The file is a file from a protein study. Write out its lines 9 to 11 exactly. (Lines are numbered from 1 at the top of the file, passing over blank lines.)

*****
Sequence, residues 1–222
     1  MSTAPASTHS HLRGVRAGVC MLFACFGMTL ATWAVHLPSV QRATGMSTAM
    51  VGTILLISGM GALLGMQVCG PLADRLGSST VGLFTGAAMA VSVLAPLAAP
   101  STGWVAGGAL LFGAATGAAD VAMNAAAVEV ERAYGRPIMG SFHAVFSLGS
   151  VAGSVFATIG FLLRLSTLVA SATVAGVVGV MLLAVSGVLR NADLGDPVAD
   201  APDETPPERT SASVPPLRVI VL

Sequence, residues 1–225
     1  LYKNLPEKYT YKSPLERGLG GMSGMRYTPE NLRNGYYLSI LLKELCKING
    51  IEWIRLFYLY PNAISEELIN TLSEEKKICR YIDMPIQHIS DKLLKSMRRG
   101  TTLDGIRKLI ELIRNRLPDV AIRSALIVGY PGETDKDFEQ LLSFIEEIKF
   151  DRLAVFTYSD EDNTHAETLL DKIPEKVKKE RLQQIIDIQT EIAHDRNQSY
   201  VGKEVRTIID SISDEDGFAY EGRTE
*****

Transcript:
    51  IEWIRLFYLY PNAISEELIN TLSEEKKICR YIDMPIQHIS DKLLKSMRRG
   101  TTLDGIRKLI ELIRNRLPDV AIRSALIVGY PGETDKDFEQ LLSFIEEIKF
   151  DRLAVFTYSD EDNTHAETLL DKIPEKVKKE RLQQIIDIQT EIAHDRNQSY